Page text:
Last night, MLB Network showed the entire Game 7 of the 1960 World Series between the Yankees and the Pirates at Forbes Field in Pittsburgh. The tape of the game was thought to be destroyed but was found in a canister in Bing Crosby's basement.
The legendary entertainer, who died in 1977, was a part-owner of the Pirates from 1946 until his death. Crosby was in Paris at the time of Game 7 and had someone furnish him with a tape of the game. Crosby watched the game in his California home then stuck the tape, with the rest of the tapes he had of TV specials, movies and music, in his basement where it stayed until its discovery.
At my palatial Denver estate, I watched the game with Casey Bloyer, Justin Adams and Ed Henderson, three guys who love baseball and appreciate the game's magnificent history and significance.
We were all dazzled.
MLB Network screened the game at a theatre in Pittsburgh and had former Pirates in attendance, including Bill Virdon, Dick Groat, Hal Smith and Vernon Law. The Yankees were represented by Bobby Richardson, who you could tell was still miffed at losing the game, although he was very gracious. Richardson was the series MVP despite being on the losing team.
The interesting thing is none of the players ever saw the game. They played in it. Other than a few news reel highlights, they had never watched the game.
Bob Costas was the host and proved, once again, that he might be the greatest broadcaster ever. Not just sports broadcasting, I'm talking the entire realm of broadcasting. The guy was absolutely phenomenal.
Costas, at one break, asked Groat about a ball hit up the middle by Mickey Mantle that got past Groat behind second base. Had Groat come up with the ball, they might have gotten a force at second but he failed to smother the ball and it went into centerfield for a single. Groat, after sarcastically thanking Costas for bringing it up, admitted that the play has haunted him for the past 50-years!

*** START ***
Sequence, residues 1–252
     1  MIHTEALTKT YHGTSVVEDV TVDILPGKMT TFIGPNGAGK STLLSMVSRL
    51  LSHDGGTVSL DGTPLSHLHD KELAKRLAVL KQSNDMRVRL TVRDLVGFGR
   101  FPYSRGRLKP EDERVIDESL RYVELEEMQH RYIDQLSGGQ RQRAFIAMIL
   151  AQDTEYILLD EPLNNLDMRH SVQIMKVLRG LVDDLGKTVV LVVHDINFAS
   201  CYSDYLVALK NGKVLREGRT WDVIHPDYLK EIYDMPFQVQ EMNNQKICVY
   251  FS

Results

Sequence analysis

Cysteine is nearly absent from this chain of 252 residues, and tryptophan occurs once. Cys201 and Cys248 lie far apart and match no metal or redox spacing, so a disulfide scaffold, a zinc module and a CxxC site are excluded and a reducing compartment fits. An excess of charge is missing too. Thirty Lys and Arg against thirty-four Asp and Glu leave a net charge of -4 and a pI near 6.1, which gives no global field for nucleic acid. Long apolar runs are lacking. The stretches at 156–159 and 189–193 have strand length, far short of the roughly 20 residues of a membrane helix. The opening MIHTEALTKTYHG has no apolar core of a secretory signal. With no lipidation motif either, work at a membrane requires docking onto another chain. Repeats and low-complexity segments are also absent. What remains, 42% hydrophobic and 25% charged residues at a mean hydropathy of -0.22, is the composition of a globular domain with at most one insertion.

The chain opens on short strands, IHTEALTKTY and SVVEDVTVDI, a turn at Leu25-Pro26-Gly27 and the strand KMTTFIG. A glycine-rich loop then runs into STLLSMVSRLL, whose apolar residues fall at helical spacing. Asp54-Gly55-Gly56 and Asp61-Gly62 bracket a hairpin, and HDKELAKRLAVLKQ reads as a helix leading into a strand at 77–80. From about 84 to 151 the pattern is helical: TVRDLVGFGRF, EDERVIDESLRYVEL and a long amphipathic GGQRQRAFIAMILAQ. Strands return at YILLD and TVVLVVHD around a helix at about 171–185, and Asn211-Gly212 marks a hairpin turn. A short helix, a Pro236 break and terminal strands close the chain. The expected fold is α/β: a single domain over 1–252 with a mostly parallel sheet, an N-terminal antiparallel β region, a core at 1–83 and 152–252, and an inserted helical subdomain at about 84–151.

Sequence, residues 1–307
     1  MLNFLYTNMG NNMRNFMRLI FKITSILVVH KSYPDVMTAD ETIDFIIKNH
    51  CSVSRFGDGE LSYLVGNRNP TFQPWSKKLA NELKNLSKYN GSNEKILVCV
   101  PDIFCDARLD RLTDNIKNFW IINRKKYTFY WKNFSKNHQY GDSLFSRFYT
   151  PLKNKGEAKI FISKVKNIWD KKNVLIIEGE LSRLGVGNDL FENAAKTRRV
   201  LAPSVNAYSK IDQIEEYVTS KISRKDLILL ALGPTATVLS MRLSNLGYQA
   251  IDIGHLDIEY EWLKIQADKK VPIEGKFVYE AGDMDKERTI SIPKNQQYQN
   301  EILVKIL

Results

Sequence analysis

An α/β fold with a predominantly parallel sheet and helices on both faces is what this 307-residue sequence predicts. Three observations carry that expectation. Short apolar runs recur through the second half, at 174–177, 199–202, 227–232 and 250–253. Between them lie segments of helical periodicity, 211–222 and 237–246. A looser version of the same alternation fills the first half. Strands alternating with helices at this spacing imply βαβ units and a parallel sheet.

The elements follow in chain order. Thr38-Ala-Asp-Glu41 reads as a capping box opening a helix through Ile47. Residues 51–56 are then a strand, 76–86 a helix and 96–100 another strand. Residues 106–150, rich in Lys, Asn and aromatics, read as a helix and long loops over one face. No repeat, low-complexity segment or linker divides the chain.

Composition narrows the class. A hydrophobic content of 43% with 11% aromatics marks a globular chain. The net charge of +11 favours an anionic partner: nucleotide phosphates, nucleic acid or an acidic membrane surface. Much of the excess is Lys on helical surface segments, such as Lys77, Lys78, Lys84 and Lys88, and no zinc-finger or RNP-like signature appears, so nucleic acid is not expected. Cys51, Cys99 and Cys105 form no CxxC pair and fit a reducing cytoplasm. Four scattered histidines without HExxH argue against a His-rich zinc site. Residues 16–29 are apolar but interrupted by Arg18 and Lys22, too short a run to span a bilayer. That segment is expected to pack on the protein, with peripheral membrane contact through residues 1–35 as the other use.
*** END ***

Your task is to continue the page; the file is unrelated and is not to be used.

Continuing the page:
It was fun watching a game that was played in Forbes Field, a classic ballpark built in 1909. While it looked like a great park on TV with some really great seats, I was astounded by what looked to be an awful lot of poor seats as well. There were plenty of obstructed view seats at Forbes Field.
The TV telecast was pretty minimal and spartan compared to today and guess what? I liked it. There were no color commentators. Just Bob Prince, the Pirates announcer for a few innings then Mel Allen the Yankees announcer took over and worked solo.
Graphics were hardly used. Just a simple white graphic in block lettering to identify a player. When the linescore needed to be shown, they would simply show the manual scoreboard in left-field. There were no jumbotrons or revolving billboards behind home plate. It was simple and beautiful.
The field itself though was pretty rough and beaten up from a full-season of games. Groundskeepers today would be mortified if their field was in that kind of shape. Even the outfield was rough. Groundskeeping has come a long way for sure. Groat remarked how bad the field looked and he was glad. After all, a bad hop that hit Yankees shortstop Tony Kubek in the throat in the 8th inning thus preventing a sure double-play opened the floodgates for the Pirates 5-run uprising.
And of course we saw Bill Mazeroski's home run to win it for the Pirates in the 9th. The interesting thing about that is we've seen the highlight a million times. However, the vantage we've seen is always from the behind home plate. The actual tv telecast showed Mazeroski's home run from the centerfield camera.
Another weird thing to the broadcast was there were no replays. It wasn't invented yet. The first replay occurred during an Army-Navy football game a few years later. So if you missed something you couldn't wait for the replay to bail you out. You had to pay attention.
Mazeroski unfortunately was not at the theater for the screening. He was ill and couldn't attend. But Costas alerted us in a post-screening update, that he was out of the hospital and feeling fine.
I must point out that despite knowing the outcome, Casey and I were rooting for the Yankees. I guess it's in our blood. We got so caught up in the game, and a wild game it was, that we forgot that the Pirates won and no amount of rooting or hoping would change that.
Finally, the post-game show was hysterical. They went to Bob Prince in the Pirates clubhouse and he was interviewing Pirates players and executives. Wearing the ugliest sportcoat ever, Prince was literally grabbing guys by the shoulder as they walked by the small elevated stage. He would ask a question and as they were answering he would grab another player while pushing the previous player off the stage when they finished speaking. It was frantic, it was crazy and wildly entertaining.
MLB Network will be replaying the broadcast. You must watch it if you haven't seen it. And if you have seen it you must watch it again. And again. I will.
October 13, 1960...revisited last night. Surreal stuff.